Incumbent Democrat Maurice Hinchey met Republican challenger George Phillips in a NY-22 debate yesterday, and while Hinchey didn’t quite reach Baron Hill levels of arrogance and condescension, he came close in this exchange over deficit reduction. Hinchey spends his first 30 seconds pretending he doesn’t understand the concept of deficit reduction — which, as Phillips rebuts later, is exactly the problem:

Small wonder Hinchey gave such a high-handed initial response, because once he gets going on his answer, it’s clear that he has no idea what he’s talking about.  We have not had deficit spending every year for the past 100 years, an absurd statement that conflicted with his patron Bill Clinton’s argument on Hinchey’s behalf this week, when Clinton took credit for budget surpluses in the 1990s.  An improving economy does improve tax revenues, but the problem in this deficit has been less about tax receipts than the massive spending Democrats started four years ago.  In three budget cycles since taking control of Congress, Democrats grew annual spending over a trillion dollars, a 38% increase in just three years.

Instead of answering the question, Hinchey starts talking about how nice the roads are in the district — and how great it is to have 7.6% unemployment.  Not only are those non-sequiturs, they’re hardly winning campaign slogans.  Vote Hinchey — he got us 7.6% unemployment! Small wonder the Daily Caller reports today that Hinchey really is in serious trouble:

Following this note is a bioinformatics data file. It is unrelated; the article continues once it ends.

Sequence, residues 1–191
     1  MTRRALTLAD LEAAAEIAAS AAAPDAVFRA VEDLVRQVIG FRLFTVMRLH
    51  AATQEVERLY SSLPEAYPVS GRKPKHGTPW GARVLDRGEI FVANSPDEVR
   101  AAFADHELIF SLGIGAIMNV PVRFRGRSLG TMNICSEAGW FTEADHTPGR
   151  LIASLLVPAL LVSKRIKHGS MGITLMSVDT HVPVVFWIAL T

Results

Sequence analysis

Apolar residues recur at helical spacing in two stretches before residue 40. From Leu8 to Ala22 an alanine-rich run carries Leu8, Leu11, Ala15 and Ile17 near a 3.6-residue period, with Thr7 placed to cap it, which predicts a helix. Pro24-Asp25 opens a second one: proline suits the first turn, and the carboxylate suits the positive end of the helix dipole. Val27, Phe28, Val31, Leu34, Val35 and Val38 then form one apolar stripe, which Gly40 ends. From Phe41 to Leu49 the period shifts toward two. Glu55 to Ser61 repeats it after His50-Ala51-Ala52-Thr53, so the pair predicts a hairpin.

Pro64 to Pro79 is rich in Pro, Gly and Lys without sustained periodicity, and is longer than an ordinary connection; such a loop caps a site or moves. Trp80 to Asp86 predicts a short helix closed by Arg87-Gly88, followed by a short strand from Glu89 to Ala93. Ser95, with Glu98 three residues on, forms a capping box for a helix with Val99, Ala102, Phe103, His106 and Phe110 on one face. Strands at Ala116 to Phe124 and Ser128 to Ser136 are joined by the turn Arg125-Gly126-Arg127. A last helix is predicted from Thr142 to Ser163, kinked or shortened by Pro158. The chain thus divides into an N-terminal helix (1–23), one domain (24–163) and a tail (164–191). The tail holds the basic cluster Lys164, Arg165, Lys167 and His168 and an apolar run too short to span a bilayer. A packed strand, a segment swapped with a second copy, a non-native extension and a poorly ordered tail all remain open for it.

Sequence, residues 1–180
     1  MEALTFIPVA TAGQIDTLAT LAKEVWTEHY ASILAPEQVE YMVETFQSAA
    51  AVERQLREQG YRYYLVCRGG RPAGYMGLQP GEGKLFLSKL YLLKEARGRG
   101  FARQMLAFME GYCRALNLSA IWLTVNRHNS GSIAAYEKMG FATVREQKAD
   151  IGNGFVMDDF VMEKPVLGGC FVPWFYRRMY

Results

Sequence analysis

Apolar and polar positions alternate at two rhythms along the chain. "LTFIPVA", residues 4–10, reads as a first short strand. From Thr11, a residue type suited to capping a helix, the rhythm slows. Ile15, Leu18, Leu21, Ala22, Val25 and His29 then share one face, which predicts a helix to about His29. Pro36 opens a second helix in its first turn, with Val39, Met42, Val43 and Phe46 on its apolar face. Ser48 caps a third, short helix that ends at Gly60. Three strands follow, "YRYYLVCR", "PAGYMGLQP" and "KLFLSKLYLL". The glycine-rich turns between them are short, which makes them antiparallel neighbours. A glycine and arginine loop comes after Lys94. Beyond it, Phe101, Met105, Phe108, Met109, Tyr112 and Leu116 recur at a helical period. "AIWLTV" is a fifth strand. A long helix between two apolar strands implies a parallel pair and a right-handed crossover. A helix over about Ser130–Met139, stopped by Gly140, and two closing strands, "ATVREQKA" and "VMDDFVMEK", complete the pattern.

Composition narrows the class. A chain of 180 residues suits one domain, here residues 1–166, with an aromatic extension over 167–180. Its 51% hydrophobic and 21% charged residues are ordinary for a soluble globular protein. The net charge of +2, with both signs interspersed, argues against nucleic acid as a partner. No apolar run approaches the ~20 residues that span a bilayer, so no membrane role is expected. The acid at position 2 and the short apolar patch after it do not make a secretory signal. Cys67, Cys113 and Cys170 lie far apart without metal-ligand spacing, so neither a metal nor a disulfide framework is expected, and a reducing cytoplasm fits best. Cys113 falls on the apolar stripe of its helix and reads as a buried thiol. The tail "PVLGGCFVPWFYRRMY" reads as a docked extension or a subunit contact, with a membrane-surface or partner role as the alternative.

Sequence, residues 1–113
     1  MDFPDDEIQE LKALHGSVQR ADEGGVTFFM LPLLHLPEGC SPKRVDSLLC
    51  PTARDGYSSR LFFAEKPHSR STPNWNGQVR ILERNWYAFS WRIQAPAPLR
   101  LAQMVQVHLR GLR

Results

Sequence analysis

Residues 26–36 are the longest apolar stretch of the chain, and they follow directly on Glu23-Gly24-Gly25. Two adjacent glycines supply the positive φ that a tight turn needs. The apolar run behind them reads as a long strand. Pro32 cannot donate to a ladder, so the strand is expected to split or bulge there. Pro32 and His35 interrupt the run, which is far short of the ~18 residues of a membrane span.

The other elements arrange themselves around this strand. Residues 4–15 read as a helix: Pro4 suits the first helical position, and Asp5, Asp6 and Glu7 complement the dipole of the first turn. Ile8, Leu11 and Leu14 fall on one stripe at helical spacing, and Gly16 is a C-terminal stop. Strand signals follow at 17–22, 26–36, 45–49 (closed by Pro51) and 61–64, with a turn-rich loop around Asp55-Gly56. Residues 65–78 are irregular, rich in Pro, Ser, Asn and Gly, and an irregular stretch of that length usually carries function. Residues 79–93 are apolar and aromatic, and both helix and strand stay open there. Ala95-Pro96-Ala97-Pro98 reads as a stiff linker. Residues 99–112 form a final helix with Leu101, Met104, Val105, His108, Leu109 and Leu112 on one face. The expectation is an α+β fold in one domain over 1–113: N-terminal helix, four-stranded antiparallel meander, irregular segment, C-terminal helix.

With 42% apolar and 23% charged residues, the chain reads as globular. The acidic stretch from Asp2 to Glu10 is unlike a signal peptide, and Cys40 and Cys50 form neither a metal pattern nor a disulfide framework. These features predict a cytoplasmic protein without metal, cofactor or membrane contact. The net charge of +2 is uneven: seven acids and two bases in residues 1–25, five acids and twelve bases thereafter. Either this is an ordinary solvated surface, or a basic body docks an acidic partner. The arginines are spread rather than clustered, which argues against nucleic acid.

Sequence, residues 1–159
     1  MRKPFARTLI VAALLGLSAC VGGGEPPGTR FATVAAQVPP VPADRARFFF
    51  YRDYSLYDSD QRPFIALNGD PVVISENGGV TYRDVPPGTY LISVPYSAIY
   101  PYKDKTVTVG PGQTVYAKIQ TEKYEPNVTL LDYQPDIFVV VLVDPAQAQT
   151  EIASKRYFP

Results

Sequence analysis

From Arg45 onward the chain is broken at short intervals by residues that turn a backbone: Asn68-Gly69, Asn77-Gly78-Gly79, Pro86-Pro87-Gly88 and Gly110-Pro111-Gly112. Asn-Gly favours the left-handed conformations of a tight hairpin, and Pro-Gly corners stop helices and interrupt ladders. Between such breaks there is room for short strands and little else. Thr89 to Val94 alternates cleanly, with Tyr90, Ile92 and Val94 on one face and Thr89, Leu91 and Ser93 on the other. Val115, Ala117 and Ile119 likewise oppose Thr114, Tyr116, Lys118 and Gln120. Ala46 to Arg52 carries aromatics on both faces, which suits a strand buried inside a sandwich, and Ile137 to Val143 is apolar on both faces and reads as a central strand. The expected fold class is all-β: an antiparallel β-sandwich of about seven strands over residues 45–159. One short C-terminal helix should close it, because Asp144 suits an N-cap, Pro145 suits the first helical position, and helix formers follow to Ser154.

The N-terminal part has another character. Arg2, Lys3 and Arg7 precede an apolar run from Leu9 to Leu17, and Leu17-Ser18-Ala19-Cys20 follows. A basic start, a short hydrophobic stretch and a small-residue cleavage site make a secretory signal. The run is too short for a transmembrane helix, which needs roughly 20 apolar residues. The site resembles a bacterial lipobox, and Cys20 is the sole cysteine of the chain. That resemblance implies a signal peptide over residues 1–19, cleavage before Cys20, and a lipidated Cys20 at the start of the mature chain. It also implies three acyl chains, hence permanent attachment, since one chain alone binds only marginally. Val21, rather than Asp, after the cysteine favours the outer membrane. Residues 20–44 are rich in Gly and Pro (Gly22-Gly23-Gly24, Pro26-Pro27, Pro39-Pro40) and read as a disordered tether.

New York Democratic Rep. Maurice Hinchey has spent just under two decades proving himself to voters. Despite a long history in the upstate New York district, the liberal 71 year old, who has faced little real opposition since winning his seat in 1992, now finds himself vulnerable to defeat.

According to an internal poll by Hinchey’s Republican challenger, George Phillips, Hinchey is polling well under 50%. The poll also shows Phillips within striking distance of the sitting congressman, with 37% to Hinchey’s 44%.

That poll was from last month, before this display of condescension and obtuseness, whether deliberate or just a result of incompetence.  Phillips, on the other hand, actually answers the question with specifics on curtailing spending and reducing government waste, while Hinchey shakes his head.

The video stops before seeing much of the crowd reaction to Phillips, but it’s clear enough on the reaction to Hinchey’s arrogant dismissal of the question — they were shocked by it.  The constituents of NY-22 finally got a good look at Hinchey and the elitist attitude that despises accountability.

Update: Death tax?  Hinchey goes full class warrior on this, blaming tax cuts for the economic collapse:

Estate taxes usually apply to estates of more than a million dollars, but that’s actually beside the point. The actual point is that estates consist of acquired wealth that has already been taxed by the federal government.  Dispersing earned and previously-taxed wealth should not be seen as an opportunity to raid family funds just to promote class warfare.  Hinchey makes an explicit argument here that the government has a legitimate role in arbitrarily redistributing previously-taxed wealth just because its owner expires, which is frankly an absurd and ghoulish demand.  It’s akin to rifling through the pockets of a corpse, only with government power.